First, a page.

Colorado judge to resign after using racial slurs, court says

Apr 20, 2021 Travel News

Colorado judge to resign after using racial slurs, court says

A Colorado judge agreed to resign after the state Supreme Court censored her for repeatedly using a racial slur and making callous comments to black court workers about police brutality and systemic racism.

A censure order issued by the Colorado Supreme Court on Friday shows that judge Natalie T. Chase of the state’s 18th Judicial District has agreed to resign after disciplinary proceedings against her. His resignation will take effect on May 31.

Credit…Colorado Judicial Assessment Office

Judge Chase, 43, who was based in Arapahoe County outside of Denver, was appointed to district court in 2014 by Governor John Hickenlooper, a Democrat who is now a United States Senator.

The Colorado Supreme Court said Justice Chase, who is white, violated her office duties during a series of exchanges last year with black court workers, which she admitted to taking place.

In one episode, she asked a family court facilitator, who is black, why it was okay for blacks to use a racial insult, but not for whites to do so, according to the court order. At the time, in early 2020, the two were returning from a program in Pueblo, Colo., In the judge’s car, with a former court clerk.

“You acknowledge that your use of the N word does not promote public confidence in the justice system and creates the appearance of impropriety,” the Colorado Supreme Court said in the order. “Although not addressed to anyone, saying the N word has a significant negative effect on public confidence in the integrity and respect of the judiciary.”

Justice Chase also asked the unidentified family court facilitator if it made a difference in the way the insult was spelled and used it repeatedly, the Supreme Court said. from Colorado.

“She explained that Judge Chase’s use of the full N word was ‘like a stab in my heart every time,’” the family court facilitator said, in accordance with the censure order.

The Colorado Supreme Court said Justice Chase expressed remorse and apologized for her conduct.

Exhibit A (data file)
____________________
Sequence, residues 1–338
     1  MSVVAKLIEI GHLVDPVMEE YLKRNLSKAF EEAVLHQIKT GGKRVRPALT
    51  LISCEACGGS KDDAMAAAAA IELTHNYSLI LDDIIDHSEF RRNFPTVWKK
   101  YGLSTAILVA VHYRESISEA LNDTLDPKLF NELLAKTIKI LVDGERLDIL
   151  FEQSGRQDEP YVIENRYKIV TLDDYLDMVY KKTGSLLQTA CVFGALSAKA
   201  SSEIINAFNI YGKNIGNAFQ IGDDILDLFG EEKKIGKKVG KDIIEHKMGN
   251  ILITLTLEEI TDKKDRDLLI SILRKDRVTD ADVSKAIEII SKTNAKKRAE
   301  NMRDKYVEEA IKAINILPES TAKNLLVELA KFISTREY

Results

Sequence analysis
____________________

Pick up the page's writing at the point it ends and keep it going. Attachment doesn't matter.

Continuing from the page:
An attorney for Judge Chase, who had previously worked in private practice and served as a deputy municipal court judge, declined to comment on Monday.

With her court on hold in February 2020 and justice workers discussing their plans to watch the Super Bowl, per the censorship order, Judge Chase told them she would boycott the game because she opposed NFL players who did. kneeling during the national anthem.

She was still sitting on the bench and wearing her dress when the episode happened, as well as on another episode last spring after George Floyd’s death, according to the censorship order.

As two black court employees discussed the protests, officials said, Judge Chase intervened with her views on racial justice issues and asked one of the employees about the Black Lives Matter movement.

“The employee tried to explain the Black Lives Matter movement, and Judge Chase said she believed all lives mattered,” the censure order said, noting that Judge Chase said the conduct Police officers in Mr. Floyd’s death should be investigated.

The Colorado Supreme Court said Justice Chase agreed to waive her right to a formal hearing.

“You acknowledge that you have also undermined confidence in the impartiality of the judiciary by expressing your views on criminal justice, police brutality, race and racial prejudice, particularly by wearing your dress in staff work areas. from the court and from the bench, “the court said.

A judicial nominations commission is expected to interview candidates for Judge Chase’s seat in mid-May and refer three candidates for review to Governor Jared Polis, who will then have 15 days to make an appointment, officials said.

Several judges across the country have lost their posts or have been forced to step down due to racist slurs or derogatory language since last year.

In Louisiana, a district court judge resigned in February 2020 after using a racial slur in a series of text messages that have gone public.

In Pennsylvania, an Allegheny County common plea judge resigned last November after facing multiple misconduct charges, including a complaint he called a juror “Aunt Jemima” at a conference post-trial.

In Washington state, a Clark County judge said last month he would take time off the bench after being criticized for making derogatory comments about a black man who had been killed by police.